How to Banish the Stains Your Kids Always Get

Art projects, soccer practice, and close-to-home adventures are all part of being a kid. But after a day spent playing hard, mom is often greeted with a bevy of stains to tackle. Here’s how to make cleanup swift and effective.

1. Grass

Fight the marks of an afternoon in the park by quickly treating the spot with a prewash stain remover (we like Shout Advanced Gel) or by rubbing a stain-fighting detergent with enzymes into the fabric. Let it sit for at least five minutes, and then launder in the hottest water safe for the fabric. Bleach can help, too, if the care tag permits it.

2. Chocolate

Because their favorite flavor of ice cream seems to be the drippiest, of course. But rubbing in some detergent or a prewash stain remover before you launder should do the trick. Turn to bleach if the stain is stubborn and its OK to use on the fabric.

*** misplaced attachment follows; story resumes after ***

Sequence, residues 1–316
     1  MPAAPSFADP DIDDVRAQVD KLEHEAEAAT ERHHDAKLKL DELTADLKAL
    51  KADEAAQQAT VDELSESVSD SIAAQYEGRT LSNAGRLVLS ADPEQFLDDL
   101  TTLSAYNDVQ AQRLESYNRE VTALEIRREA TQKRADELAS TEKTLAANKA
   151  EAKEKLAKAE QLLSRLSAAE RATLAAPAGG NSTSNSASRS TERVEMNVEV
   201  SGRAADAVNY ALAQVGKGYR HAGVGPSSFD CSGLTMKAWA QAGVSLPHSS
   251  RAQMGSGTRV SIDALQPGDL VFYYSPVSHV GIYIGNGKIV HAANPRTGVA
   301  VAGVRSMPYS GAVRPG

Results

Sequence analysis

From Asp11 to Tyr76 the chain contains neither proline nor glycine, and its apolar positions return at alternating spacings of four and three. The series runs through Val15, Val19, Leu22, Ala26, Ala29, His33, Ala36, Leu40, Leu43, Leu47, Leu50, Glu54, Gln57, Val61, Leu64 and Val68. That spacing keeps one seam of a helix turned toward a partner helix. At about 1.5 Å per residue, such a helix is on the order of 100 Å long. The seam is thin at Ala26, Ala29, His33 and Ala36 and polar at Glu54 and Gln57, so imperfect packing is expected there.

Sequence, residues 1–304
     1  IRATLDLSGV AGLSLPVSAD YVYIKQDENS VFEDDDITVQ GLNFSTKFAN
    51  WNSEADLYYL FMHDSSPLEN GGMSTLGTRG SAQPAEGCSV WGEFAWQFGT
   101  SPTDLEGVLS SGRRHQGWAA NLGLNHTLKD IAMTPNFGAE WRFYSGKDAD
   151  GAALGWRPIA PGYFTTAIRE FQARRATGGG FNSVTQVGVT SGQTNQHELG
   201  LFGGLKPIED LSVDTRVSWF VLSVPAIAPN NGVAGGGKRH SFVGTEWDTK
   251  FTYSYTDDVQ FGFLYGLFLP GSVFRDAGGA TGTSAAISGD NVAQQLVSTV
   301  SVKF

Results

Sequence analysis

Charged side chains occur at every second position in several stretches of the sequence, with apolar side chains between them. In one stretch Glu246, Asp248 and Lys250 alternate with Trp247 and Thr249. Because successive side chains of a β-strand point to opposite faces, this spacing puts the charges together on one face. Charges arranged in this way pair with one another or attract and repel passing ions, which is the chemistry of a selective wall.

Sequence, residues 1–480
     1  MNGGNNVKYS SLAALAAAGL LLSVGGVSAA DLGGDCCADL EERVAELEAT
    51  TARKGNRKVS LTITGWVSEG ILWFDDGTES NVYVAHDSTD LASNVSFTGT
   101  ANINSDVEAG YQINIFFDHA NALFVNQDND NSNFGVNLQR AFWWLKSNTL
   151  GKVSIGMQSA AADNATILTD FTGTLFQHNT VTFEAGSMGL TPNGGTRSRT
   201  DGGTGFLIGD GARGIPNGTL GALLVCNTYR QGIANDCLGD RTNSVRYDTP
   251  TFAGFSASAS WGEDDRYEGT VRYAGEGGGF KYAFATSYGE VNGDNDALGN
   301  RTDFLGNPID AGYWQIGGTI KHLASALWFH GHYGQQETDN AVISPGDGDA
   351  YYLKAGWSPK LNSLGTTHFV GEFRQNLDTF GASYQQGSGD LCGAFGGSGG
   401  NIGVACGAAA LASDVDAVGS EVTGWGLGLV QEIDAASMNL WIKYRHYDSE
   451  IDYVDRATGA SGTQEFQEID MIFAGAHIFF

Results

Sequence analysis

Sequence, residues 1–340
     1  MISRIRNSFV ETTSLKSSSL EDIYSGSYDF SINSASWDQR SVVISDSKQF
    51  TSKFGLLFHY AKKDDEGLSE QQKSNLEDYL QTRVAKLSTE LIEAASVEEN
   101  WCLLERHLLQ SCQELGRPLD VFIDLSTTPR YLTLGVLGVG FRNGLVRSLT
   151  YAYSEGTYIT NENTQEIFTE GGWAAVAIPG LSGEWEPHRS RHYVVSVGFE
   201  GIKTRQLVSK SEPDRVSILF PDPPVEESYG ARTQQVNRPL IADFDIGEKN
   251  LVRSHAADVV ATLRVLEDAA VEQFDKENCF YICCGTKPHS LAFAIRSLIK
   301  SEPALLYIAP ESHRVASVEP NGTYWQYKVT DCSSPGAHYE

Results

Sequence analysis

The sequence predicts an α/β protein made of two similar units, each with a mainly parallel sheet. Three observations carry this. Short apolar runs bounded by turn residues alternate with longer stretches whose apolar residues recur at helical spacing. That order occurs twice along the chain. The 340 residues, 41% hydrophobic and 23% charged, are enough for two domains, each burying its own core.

3. Juice

How to Banish the Stains Your Kids Always Get
Getty ImagesMichael H

Remove the remains of today’s lunch by flushing the colorful blotch with cool water. Then, combine one tablespoon of white vinegar, 1/2 teaspoon liquid laundry detergent, with one quart cool water. Soak for 15 minutes, and if the stain is still there, try blotting with rubbing alcohol. Launder as usual.

4. Acrylic Paint

Flush the spot with warm water, and then sponge with a solution of one part dishwashing liquid and one part warm water. Repeat as necessary, and rinse and launder.

5. Crayons

Try to lift these art class marks before you throw the clothing in the wash. If the crayon is soft, you might try freezing it and scraping off what you can. Otherwise, place the stain between two paper towels, and press with warm iron. Some of the crayon should transfer to the paper towels. Repeat as necessary, with new paper towels, taking care to not transfer the stain to other spots on the clothing. Then treat with a stain remover (or rub in a little dishwashing liquid), and launder.

6. Glue

Craft glue should come out pretty easily with a stain remover and your everyday detergent. If you’re battling heavy-duty adhesive, nail polish remover with acetone can help, but try a test spot first; it can melt synethetic fabrics that contain acetate or triacetate.

 

Source goodhousekeeping.com

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